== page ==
[Jason] That not the point! An easy way to win any argument is to claim "that's not the point" over and over again, even when it is the point.
Seriously, it would be ugly to introduct a lookup like that into the kernel: AFAIK, the kernel does not currently depend on anything like that in userspace, save for a few things, which are configurable. (Like the path to the modprobe binary.)
I've cut a fair chunk of this thread out, and Heather may well pull rank on me and get me to include it!! Suffice to say, I have left out various ptrace() rants and people eating meat..... -- Thomas Adam
Hi SuSE generally uses alsa, have you tried alsaconf on the commandline??
I don't think that I did on my desktop. I think that the only thing that I tried was Yast2. I'm pretty sure that Yast2 uses alsaconfig to detect my sound card which I know that could not be achieved automatically. I will give alsaconfig a try.
Typing alsaconf in a terminal will bring up a dialogue ad ask you about your card it is seperate to Yast2 and is included in the alsa package, there have been times when I have upgraded alsa (not in an rpm format) and yast2 no longer recognizes my SoundBlaster live however alsaconf sets it up.
This is because YAST2 relies on its own stock version to interface to the YAST modules provided by SuSE -- Thomas Adam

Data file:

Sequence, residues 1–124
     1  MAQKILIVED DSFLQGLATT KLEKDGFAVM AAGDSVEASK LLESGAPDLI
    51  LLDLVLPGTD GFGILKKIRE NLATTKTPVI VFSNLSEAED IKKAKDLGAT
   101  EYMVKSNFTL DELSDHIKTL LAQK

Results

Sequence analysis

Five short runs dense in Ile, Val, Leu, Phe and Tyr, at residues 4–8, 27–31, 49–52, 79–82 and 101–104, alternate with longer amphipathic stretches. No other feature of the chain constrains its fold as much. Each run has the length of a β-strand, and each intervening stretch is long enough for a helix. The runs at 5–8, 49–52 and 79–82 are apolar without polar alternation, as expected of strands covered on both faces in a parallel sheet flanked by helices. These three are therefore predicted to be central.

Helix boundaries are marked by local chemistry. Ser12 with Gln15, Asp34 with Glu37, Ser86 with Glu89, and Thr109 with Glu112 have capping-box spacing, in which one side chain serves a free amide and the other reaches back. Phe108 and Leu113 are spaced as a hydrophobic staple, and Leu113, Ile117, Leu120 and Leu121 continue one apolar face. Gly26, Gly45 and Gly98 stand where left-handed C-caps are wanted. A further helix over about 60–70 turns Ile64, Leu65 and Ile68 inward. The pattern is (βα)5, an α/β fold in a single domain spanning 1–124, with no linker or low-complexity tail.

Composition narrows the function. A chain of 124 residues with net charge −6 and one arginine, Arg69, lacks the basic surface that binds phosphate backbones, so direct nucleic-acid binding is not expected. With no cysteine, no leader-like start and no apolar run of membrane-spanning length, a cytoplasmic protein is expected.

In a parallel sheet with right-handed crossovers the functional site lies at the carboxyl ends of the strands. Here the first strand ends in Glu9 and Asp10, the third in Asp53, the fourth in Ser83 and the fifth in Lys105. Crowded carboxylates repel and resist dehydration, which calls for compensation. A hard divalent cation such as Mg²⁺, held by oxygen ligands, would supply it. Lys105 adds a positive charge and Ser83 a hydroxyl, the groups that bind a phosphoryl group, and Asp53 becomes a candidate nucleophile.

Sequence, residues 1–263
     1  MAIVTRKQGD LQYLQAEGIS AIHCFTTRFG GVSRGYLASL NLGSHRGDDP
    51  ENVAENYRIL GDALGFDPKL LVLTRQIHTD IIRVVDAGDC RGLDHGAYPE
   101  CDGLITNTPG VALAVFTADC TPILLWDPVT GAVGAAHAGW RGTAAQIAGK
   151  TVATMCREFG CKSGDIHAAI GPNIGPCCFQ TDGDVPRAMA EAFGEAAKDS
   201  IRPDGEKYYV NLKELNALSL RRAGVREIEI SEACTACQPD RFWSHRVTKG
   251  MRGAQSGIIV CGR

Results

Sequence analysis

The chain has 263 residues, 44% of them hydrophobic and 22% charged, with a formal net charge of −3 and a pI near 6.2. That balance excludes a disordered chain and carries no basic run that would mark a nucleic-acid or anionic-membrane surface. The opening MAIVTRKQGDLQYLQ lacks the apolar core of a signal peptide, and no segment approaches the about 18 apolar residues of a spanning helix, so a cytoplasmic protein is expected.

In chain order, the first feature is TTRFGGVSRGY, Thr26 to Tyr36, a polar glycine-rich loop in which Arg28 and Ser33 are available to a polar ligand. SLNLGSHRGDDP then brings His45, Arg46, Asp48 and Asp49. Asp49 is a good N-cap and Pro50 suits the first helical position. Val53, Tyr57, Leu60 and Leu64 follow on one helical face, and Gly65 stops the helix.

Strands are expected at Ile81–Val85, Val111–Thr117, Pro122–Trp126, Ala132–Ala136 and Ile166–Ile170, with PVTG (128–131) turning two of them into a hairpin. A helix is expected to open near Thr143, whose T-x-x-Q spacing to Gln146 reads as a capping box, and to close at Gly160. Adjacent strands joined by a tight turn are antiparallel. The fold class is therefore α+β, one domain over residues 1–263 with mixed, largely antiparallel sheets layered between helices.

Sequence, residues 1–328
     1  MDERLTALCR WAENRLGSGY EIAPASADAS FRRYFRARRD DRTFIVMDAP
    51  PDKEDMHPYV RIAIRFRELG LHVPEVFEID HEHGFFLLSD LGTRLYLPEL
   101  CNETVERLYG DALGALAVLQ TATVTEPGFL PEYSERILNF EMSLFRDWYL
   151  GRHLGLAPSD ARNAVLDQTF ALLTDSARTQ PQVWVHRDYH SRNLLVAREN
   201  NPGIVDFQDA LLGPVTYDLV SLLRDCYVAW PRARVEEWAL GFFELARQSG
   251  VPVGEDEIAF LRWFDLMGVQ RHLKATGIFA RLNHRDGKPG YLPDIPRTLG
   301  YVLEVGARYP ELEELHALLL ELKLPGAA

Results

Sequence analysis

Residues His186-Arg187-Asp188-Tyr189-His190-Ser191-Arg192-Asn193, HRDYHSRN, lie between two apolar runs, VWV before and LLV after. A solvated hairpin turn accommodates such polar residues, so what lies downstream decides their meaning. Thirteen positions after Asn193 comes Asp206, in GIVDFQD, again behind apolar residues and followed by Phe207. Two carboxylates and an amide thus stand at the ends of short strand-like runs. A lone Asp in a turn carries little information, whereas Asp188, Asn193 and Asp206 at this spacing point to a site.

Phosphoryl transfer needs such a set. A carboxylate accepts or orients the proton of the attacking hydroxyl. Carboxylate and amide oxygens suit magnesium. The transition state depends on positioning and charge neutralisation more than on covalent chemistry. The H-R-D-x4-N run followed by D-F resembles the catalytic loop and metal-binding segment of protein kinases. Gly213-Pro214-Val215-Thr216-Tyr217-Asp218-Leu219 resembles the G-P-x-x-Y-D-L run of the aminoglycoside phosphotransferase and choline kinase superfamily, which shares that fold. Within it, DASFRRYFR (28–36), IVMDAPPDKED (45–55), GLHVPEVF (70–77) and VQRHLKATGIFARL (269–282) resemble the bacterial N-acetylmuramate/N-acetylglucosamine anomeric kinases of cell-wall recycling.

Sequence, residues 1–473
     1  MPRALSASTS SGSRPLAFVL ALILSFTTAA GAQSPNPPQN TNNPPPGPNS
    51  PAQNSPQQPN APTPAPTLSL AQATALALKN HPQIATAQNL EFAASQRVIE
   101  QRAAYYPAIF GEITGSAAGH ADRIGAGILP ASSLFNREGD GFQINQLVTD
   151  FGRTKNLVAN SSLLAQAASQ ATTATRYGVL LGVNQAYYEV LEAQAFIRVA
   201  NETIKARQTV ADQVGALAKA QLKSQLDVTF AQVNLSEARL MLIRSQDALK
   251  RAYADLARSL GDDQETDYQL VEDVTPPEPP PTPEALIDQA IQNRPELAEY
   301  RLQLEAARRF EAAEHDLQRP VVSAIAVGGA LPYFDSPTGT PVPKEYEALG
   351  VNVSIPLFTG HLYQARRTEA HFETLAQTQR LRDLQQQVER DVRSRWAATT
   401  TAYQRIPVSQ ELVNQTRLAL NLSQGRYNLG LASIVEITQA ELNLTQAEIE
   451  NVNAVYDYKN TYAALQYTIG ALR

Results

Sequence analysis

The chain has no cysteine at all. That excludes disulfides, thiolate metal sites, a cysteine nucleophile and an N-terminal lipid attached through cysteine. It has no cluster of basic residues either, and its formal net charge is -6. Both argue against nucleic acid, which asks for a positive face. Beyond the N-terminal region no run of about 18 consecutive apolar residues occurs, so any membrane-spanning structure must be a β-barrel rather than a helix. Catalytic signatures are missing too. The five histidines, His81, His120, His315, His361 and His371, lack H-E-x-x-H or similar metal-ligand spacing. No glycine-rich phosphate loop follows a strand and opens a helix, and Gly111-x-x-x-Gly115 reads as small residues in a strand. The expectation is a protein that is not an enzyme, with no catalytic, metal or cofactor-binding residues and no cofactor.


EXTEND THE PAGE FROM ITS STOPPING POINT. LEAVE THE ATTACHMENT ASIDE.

I tried alsaconfig about a half an hour ago. It recognized my legacy card configured /etc/modules.conf, and even started its sound stuff. I was able to use wavplay and listen to different wave files. Cool! Then, when I rebooted the system, the sound did not work! Darn! I have to investigate the difference between the startup via alsaconf and the way things happen when booting the system.
The modules do load when using wavplay with .wav files (I know - I can just cat the file to /dev/dsp, I think), but no sound occurs. One might ask which modules get loaded? Do all of the ones that I need get loaded? I will investigate and figure out answers to those questions. I could just use my existing sb.o stuff, but I do have a challenge to conquer!
The sound card is muted when you first configure alsa you will need to start a mixer and adjust the volume. You can also stop and start alsa by typing rcalsound stop or start.
The common mixer that is used is 'aumix' and is shipped with SuSE and Debian. It is not always necessary to use a mixer however, as doing something like:
cat randomfilethatisnotanywhere > /dev/dsp
will also activate your soundcard. -- Thomas Adam